Case Study: Type 1 Spinal Muscular Atrophy

Posted by Dudley Tabakin on January 1, 2013

Infants with Spinal Muscular Atrophy (SMA) develop respiratory insufficiency due to progressive respiratory muscle weakness caused by degeneration of alpha motor neurons in the spinal cord. This weakness results in ineffective airway clearance (obstruction), which is the major cause of morbidity and mortality in infants with SMA. Thus, measurement of longitudinal changes in respiratory muscle function in infants and young children with SMA-1 is critical to the evaluation of interventions targeting SMA-1.

Case Study: Type 1 Spinal Muscular Atrophy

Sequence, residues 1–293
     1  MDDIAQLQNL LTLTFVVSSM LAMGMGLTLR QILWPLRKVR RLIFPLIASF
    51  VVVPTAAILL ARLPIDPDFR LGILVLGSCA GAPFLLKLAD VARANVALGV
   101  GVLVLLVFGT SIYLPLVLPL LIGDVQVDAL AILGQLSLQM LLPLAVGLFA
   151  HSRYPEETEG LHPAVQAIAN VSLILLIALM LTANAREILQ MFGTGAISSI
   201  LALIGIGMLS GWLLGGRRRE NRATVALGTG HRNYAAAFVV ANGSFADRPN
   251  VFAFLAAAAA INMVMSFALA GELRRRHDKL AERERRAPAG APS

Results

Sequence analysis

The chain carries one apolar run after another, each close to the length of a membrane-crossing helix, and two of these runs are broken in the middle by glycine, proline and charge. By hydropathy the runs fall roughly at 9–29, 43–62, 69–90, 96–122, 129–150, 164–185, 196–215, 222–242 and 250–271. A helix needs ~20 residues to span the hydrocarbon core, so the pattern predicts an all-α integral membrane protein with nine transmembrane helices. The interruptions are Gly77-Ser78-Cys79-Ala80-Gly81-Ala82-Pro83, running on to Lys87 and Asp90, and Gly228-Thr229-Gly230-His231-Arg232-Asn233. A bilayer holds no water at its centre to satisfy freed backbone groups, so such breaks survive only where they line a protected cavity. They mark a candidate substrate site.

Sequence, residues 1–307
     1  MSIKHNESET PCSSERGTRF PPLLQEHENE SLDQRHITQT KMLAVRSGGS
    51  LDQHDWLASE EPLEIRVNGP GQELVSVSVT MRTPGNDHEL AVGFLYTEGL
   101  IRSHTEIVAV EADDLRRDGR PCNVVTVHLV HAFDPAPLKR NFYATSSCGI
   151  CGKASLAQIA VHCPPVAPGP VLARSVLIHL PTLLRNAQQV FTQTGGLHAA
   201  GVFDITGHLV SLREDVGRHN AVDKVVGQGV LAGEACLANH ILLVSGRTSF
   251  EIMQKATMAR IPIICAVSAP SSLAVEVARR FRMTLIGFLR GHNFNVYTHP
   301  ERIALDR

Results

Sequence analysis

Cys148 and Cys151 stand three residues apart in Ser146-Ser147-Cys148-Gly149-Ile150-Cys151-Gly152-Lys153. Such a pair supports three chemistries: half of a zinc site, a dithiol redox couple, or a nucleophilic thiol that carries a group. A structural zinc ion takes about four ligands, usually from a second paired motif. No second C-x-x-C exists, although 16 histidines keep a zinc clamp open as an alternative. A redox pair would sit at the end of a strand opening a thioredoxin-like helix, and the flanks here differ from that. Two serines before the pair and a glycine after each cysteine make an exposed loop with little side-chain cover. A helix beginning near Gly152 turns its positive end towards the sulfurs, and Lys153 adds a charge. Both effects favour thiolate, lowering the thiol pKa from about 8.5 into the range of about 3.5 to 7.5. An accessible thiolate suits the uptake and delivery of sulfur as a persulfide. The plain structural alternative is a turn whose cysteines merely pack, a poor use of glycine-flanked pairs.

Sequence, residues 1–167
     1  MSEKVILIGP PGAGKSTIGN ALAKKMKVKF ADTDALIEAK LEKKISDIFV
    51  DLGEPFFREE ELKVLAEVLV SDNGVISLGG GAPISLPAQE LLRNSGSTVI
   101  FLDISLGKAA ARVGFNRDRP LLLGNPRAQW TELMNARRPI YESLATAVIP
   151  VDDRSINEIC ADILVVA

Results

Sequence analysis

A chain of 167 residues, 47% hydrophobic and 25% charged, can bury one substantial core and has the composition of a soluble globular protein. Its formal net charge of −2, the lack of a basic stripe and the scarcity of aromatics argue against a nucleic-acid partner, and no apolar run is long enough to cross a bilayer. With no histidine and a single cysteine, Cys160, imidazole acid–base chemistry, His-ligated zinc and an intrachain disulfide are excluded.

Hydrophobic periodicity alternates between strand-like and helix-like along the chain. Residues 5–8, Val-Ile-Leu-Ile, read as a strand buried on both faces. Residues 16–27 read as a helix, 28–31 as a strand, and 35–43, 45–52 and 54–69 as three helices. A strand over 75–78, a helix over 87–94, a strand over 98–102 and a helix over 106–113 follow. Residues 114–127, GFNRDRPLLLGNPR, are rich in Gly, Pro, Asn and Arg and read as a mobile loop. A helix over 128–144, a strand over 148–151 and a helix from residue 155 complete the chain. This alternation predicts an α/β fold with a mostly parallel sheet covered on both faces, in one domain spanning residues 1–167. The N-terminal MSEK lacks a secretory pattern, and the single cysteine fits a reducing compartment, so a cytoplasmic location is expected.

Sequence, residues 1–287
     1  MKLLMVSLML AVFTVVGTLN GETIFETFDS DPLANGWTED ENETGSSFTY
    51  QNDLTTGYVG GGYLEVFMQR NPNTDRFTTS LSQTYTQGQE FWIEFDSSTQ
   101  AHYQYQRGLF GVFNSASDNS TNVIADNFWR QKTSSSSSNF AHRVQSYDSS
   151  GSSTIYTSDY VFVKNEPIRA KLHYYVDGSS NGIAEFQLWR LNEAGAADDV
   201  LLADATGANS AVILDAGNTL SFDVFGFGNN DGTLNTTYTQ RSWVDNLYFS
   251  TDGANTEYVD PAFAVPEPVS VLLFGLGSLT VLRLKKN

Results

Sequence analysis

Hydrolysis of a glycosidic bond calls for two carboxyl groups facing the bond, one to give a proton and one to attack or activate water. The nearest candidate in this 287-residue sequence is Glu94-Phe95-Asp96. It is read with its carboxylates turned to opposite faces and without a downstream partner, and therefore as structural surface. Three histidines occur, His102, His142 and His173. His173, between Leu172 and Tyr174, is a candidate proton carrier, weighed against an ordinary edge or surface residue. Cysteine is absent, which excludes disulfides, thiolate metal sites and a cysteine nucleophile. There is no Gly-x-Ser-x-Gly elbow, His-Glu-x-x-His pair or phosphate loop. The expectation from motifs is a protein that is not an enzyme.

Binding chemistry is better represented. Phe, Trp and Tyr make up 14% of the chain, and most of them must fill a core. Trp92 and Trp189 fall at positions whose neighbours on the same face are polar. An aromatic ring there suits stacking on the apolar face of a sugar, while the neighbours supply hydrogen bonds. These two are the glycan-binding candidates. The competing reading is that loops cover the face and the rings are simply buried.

Accurate measurement of obstructive breathing can be obtained by examining the degree of asynchrony between abdominal and rib cage breathing. In this case study, VivoSense provided accurate and objective respiratory assessment services for a large multi-center clinical trial for a SMA-1 therapeutic. Infants were instrumented with Respiratory Inductance Plethysmography (RIP) sensors using the BioRadio. Appropriate breaths are selected using Kono-Mead plots (upper chart), phase relation between the breathing compartments (bottom chart), and abdominal and rib cage breathing movements (middle chart).

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